The village was one of a group of three villages known collectively as al-Ghubayyat (the 'little forests'), located on the eastern slopes of the bilad al-rawha' (the 'fragrant country'; see Daliyat al-Rawha', Haifa District); the other two villages were al-Ghubayya al-Tahta and al-Naghnaghiyya. It was located on a hill and extended down the slopes that paralleled the Haifa-Jinin highway, which ran immediately northeast of the village. The second part of its name meant 'upper' in Arabic; this served to distinguish it from its 'lower' counterpart, al-Ghubayya al-Tahta. In 1596, al-Ghubayya al-Fawqa was a village in the nahiya of Shafa (liwa' of Lajjun) with a population of 215. It paid taxes on a number of crops, including wheat and barley, as well as on other types of produce, such as goats, beehives, and water buffalos.
Al-Ghubayya al-Fawqa's population was Muslim. Its houses were made of cement and mud and were dispersed across the slopes. The three villages shared an elementary school that was built about 1888, during Ottoman rule; it was closed under the Mandate, at which time the village was classified as a hamlet by the Palestine Index Gazetteer. AI-Ghubayya al-Fawqa had a mosque and a shrine for a Muslim sage, al-Shaykh Ahmad. Its cemetery was located on a hill in the upper part of the village. The three villages had access to a number of water sources including wadis, springs, and the al-Muqatta' River. The economies of these three villages were based on animal husbandry and agriculture, with grain being the chief crop. In 1944/45 a total of 10,883 dunums of the lands of the three villages was allotted to cereals; 209 dunums were irrigated or used for orchards. An unexcavated archaeological site, Tall al-Asmar (164222), lay some 300 m southwest of the village.
One of the first villages to be captured by the Haganah following the battle of Mishrnar ha-'Emeq (see Abu Shusha, Haifa District), al-Ghubayya al-Fawqa changed hands several times in the first half of April 1948. Along with its sister village, al-Ghubayya al-Tahta, the village was occupied by Haganah units drawn from the Palmach, as well as the Carmeli and Alexandroni Brigades. They first entered the villages on 8-9 April, during 'fierce fighting'; 'there was house-to-house fighting in the village throughout the night,' according to Arab Liberation Army (ALA) commander Fawzi al-Qawuqji. The following day, Qawuqji relates, the fighting developed into a pitched battle and the Zionist forces were driven out. These dates are confirmed by the Palestinian newspaper Filastin, which reported that the 10 April battle was 'long' and 'violent' and was waged inside the village itself. For the next few days, Haganah control of these villages was precarious, according to the History of the Haganah. While they managed to retain a presence in them during the night, they were forced to withdraw under ALA bombardment during the day. But this did not prevent these units from destroying the village 'piecemeal,' as Israeli historian Benny Morris puts it, over the following few days. Palestinian historian 'Arif al-'Arif states that some time before the battle, the people of al-Ghubayya al-Fawqa had been joined by those of al-Ghubayya al-Tahta, whose village had been destroyed. The influx of people from the neighboring village doubled the population of al-Ghubayya al-Fawqa, bringing the number of its inhabitants to 1,400. It is not clear what became of them when the battle erupted. The Haganah stated that by 13 April, ALA forces had withdrawn from the entire area, but the ALA reported that it recovered the al-Ghubayyat villages briefly on 14 April.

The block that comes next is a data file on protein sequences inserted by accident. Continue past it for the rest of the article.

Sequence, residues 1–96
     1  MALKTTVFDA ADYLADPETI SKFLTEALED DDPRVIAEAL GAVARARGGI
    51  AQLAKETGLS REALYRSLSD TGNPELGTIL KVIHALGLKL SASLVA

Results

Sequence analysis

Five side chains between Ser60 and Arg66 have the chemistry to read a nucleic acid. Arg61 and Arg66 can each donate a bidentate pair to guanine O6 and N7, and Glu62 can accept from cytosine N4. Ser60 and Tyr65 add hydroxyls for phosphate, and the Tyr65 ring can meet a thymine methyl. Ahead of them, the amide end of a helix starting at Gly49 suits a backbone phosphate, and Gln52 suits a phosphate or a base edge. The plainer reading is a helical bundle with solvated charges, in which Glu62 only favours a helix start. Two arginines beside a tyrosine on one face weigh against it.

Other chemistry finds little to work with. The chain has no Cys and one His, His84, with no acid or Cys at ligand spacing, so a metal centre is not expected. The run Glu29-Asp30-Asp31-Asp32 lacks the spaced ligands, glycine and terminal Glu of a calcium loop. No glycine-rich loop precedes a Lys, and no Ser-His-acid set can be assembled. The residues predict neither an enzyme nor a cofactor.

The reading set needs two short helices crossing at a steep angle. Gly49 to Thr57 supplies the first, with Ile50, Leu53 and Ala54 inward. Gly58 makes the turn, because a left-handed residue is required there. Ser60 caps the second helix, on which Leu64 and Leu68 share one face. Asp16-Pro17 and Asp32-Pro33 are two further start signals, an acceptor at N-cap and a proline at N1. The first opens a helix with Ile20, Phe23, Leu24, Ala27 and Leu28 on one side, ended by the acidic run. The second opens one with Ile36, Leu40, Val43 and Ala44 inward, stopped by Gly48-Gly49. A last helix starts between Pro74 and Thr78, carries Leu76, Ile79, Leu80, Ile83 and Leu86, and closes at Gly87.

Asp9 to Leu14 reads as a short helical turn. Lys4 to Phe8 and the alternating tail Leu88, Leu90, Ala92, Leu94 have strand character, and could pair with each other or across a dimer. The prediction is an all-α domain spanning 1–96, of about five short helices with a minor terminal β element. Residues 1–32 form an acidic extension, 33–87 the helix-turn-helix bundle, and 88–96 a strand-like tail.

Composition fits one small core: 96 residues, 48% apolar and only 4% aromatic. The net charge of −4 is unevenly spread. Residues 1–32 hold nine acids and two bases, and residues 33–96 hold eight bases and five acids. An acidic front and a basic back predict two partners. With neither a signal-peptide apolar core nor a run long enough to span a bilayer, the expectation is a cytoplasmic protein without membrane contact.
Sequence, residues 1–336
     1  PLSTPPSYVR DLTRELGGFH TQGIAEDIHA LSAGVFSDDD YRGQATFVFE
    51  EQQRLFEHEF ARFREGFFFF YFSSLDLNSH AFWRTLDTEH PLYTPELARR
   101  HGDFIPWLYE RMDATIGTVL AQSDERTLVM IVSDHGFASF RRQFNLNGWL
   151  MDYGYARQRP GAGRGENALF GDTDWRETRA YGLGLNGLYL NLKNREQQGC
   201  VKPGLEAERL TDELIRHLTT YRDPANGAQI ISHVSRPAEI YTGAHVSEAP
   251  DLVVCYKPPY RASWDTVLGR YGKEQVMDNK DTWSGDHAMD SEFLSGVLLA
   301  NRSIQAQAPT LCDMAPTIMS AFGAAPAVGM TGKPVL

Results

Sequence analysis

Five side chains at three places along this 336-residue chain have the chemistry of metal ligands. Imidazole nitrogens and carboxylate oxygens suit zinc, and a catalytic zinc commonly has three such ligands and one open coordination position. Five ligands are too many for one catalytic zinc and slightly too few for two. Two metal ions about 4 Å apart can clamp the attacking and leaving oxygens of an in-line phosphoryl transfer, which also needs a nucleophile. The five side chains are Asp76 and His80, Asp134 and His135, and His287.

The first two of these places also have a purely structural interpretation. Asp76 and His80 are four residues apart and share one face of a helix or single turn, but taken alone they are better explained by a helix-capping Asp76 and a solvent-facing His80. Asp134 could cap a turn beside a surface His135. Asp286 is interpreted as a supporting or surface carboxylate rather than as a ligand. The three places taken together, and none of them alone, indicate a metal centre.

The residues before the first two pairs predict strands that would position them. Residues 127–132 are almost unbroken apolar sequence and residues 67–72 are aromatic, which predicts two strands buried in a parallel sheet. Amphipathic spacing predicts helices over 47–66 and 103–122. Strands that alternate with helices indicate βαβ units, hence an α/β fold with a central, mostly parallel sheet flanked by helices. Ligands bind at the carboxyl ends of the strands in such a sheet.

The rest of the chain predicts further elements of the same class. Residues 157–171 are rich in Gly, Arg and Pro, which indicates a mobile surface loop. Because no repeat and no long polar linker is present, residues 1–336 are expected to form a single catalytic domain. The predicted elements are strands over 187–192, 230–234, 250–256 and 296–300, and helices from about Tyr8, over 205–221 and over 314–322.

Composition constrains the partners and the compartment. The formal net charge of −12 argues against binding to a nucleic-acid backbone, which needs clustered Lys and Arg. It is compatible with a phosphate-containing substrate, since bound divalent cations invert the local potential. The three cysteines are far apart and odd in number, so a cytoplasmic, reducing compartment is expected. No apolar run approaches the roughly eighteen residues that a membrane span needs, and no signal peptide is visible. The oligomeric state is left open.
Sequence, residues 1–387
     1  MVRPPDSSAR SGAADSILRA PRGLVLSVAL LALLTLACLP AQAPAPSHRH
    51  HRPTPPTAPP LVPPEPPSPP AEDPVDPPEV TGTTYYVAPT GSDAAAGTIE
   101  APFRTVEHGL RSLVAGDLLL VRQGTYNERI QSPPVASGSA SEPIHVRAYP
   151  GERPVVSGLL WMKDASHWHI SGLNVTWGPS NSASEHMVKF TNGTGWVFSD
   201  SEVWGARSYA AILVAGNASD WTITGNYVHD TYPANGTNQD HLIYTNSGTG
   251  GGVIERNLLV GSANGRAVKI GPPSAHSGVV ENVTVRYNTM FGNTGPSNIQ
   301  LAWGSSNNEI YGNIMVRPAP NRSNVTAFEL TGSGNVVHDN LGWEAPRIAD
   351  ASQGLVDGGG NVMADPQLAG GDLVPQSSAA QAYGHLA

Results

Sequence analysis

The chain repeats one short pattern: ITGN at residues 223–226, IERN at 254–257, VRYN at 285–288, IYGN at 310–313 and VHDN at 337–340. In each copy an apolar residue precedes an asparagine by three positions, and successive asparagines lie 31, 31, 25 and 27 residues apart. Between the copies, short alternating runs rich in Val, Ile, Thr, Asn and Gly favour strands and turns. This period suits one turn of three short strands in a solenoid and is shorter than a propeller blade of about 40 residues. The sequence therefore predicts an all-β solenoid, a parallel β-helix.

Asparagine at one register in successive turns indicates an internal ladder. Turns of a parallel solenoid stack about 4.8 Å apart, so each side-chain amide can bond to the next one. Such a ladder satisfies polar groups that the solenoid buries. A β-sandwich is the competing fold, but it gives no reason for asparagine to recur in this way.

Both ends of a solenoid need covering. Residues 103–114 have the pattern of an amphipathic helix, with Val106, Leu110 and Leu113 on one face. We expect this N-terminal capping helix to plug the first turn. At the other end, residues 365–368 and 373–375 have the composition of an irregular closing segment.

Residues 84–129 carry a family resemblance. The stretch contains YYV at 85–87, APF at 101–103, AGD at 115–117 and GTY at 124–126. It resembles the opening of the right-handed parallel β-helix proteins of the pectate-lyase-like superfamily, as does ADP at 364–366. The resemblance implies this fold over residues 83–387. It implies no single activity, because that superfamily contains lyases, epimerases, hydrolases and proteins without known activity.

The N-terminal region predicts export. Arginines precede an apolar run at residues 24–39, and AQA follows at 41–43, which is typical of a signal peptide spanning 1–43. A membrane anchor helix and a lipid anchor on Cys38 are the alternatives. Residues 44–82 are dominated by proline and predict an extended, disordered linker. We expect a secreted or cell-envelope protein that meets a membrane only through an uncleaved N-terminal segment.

A decision was taken by the Haganah and Ben-Gurion to expel the Arab inhabitants of the area and raze the villages near Mishrnar ha-'Emeq to permanently remove the 'threat to the Yishuv.' AI-Ghubayya al-Fawqa was blown up by the Haganah and Palmach, with the help of local Jewish settlers, within the next week.
The settlement of Mishrnar ha-'Emeq (163224), established in 1926, is not on village land; however, it now uses some of the village lands as pasture.
The site is overgrown with cactuses and fig, almond, and carob trees. The debris of the houses is visible among the vegetation. One can also see a big heap of stones where the mosque once stood. The cemetery is covered with thorny plants and weeds. The surrounding lands are used by Israeli farmers for various purposes, such as pasturing cattle and growing cotton.